This is the third book in the Green Star series. The protagonist is Karn, a young hunter of the great trees but actually a man from Earth that has astrally projected himself- or something- to the world of the green sun. The details are not that important- what is important is that there is a princess to be saved! Karn and his fellow adventurers are on a mission to save the young princess of Phaolon from a rival city. In the process they just may prevent war from breaking out between the rival cities. Unfortunately, at the end of the previous book our hero looked on helplessly as the princess was rescued- and his friends made their escape- right in front of him, not realizing he was coming to their aid!
So here Karn and his companion, Klygon the assassin, find themselves in trouble in the city of Ardha. The mission they were on was to assassinate Niamh the Fair- she's the princess Karn is in love with- and while Karn wasn't really going to, he was using the opportunity to help her escape. Alas, he arrived too late, and now he must contend with Klygon, the homely little man who is his mentor in the assassins- and whose mission it is to kill Karn if the boy fails. Fun!
From there Karn travels all over the planet of the green sun on various adventures- a hallmark of these stories is the breakneck pace, the reversals of fortune, the struggling against overwhelming odds. Always while there is life there is hope, they say. I read this series as a kid and loved it, and to be clear these are pastiches- Lin Carter was known for his love of the genre, including the heavyweights like Edgar Rice Burroughs, and this is sort of a reimagining of Burroughs' stories about Carson of Venus. I actually prefer this series, though, to the Carson stories, and while Carter is regarded in some quarters as a bit of a hack writer, I like these.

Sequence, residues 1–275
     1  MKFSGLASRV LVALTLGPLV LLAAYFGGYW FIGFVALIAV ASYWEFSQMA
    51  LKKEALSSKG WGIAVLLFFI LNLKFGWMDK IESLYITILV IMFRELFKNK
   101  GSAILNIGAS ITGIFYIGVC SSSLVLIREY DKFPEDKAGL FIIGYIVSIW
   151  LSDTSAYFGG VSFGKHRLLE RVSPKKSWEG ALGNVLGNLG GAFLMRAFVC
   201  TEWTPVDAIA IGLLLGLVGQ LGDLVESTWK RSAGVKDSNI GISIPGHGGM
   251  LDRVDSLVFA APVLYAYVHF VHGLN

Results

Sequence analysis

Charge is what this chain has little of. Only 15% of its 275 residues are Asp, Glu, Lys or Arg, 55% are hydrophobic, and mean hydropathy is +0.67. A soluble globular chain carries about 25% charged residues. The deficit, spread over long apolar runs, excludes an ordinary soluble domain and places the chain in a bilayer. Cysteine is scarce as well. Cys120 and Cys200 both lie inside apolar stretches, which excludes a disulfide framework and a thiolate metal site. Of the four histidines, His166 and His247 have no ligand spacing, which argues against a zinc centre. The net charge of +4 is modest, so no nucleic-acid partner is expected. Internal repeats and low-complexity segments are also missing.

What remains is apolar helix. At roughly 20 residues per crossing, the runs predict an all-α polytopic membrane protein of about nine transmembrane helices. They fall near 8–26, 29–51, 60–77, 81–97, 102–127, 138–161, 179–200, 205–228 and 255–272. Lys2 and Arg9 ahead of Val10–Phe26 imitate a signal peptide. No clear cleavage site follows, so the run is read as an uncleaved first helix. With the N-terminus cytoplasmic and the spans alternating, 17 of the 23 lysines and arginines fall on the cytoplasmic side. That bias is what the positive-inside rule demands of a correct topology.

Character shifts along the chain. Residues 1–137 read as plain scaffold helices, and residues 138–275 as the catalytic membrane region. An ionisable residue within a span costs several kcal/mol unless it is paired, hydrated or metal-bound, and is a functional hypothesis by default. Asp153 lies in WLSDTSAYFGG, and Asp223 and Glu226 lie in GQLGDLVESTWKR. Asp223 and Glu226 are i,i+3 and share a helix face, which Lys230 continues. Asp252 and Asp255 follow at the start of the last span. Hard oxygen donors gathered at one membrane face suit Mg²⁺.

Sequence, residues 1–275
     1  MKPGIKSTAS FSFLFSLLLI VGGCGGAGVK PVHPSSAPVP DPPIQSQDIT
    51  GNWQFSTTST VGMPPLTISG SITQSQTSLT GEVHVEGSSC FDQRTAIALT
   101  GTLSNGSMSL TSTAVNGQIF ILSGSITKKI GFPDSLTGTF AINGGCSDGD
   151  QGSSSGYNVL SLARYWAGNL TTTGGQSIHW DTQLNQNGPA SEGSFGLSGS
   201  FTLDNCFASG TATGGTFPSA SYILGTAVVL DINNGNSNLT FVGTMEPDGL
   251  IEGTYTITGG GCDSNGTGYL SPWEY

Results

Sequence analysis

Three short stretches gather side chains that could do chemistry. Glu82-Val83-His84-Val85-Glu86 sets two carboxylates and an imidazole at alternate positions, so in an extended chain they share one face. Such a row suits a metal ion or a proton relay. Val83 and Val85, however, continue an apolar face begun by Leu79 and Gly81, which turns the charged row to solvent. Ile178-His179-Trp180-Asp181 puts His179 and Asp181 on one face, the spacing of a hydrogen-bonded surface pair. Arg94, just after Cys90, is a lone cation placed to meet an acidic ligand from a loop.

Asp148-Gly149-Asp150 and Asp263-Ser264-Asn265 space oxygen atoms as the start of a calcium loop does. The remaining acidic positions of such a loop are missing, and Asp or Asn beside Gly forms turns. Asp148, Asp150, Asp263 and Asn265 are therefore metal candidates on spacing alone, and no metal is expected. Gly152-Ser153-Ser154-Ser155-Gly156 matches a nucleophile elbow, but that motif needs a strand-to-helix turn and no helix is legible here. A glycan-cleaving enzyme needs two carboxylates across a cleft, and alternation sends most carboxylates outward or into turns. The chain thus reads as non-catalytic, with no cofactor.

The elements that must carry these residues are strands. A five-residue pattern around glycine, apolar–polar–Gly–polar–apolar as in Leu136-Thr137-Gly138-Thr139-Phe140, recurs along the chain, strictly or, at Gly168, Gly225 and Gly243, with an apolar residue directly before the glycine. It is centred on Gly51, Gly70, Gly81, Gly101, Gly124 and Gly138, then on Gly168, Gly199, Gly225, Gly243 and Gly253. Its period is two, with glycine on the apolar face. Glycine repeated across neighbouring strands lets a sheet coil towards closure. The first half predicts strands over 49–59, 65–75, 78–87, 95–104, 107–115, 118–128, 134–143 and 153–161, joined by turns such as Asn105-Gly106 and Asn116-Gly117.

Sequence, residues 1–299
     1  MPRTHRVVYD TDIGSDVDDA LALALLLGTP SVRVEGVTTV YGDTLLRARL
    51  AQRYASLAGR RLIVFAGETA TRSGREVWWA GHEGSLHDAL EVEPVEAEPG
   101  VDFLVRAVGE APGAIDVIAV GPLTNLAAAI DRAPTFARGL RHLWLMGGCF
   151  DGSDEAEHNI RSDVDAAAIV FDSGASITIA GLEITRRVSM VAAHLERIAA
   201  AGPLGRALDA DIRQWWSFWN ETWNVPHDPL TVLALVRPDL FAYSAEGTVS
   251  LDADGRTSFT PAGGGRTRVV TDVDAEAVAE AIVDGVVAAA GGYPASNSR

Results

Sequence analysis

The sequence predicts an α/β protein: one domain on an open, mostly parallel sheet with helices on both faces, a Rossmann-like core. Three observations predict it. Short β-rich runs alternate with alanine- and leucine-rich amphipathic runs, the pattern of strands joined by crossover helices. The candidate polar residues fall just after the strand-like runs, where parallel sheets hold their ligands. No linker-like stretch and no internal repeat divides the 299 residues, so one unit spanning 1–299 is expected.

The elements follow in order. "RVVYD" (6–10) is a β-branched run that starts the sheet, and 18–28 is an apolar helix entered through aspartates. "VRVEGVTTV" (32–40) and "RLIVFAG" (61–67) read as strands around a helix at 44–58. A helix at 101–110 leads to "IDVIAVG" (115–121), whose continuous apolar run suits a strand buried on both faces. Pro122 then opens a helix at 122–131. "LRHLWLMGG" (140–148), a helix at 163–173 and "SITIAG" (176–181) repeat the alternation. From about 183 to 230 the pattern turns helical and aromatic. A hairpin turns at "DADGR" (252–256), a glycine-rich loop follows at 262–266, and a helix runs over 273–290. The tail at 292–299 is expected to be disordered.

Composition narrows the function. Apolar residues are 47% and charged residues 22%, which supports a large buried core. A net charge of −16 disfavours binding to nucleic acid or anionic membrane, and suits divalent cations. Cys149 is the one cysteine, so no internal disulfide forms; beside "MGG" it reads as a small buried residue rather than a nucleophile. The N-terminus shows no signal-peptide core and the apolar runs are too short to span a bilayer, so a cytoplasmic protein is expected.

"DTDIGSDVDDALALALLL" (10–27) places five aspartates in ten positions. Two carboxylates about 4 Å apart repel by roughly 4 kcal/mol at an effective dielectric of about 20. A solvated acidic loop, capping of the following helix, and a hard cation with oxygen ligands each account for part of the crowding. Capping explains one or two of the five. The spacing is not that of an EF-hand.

The drawback here at times is the style of writing. Carter never says anything in a sentence if he can say it in a paragraph. Another flaw here is the casual racism. This is not unheard of in this genre, mainly because most of these stories are older and do not always age well, but it was wince inducing at times here. There is a black race of highly advanced savants, and the descriptions of them were just cringe inducing at times, even though they were referred to as being beautiful and whatnot. I think it's a product of its time- did they think no black people read sci-fi?- but that is clearly no excuse. And to be fair to Carter, he's writing a pastiche, and the sky- dwelling black race here brought to mind the black pirates of the Mars series- but it's still not acceptable.
As bad as that was, there are moments also.
"Down through the inconceivable panorama of of branches and layer upon layer of innumerable golden leaves filter the slanting emerald sunbeams of the Green Star. When these mighty beams of lucent jade strike the glittering golden foliage, their light is transmuted into a marvelous shade of green-and-gold whose radiant glory is indescribable and has to be seen to be comprehended."
"For a time we flew upward in a wide spiral, following the slanting glory of a green-gold sunbeam, until that uniquely Laonese sense of height informed us that we had reached the three- mile level."
There are interesting ideas explored here- the ethical implications of mind control and what makes humanity, well... human. There is a floating city of marvelous wonders and enough adventures to shake a stick at. And I just had fun with it.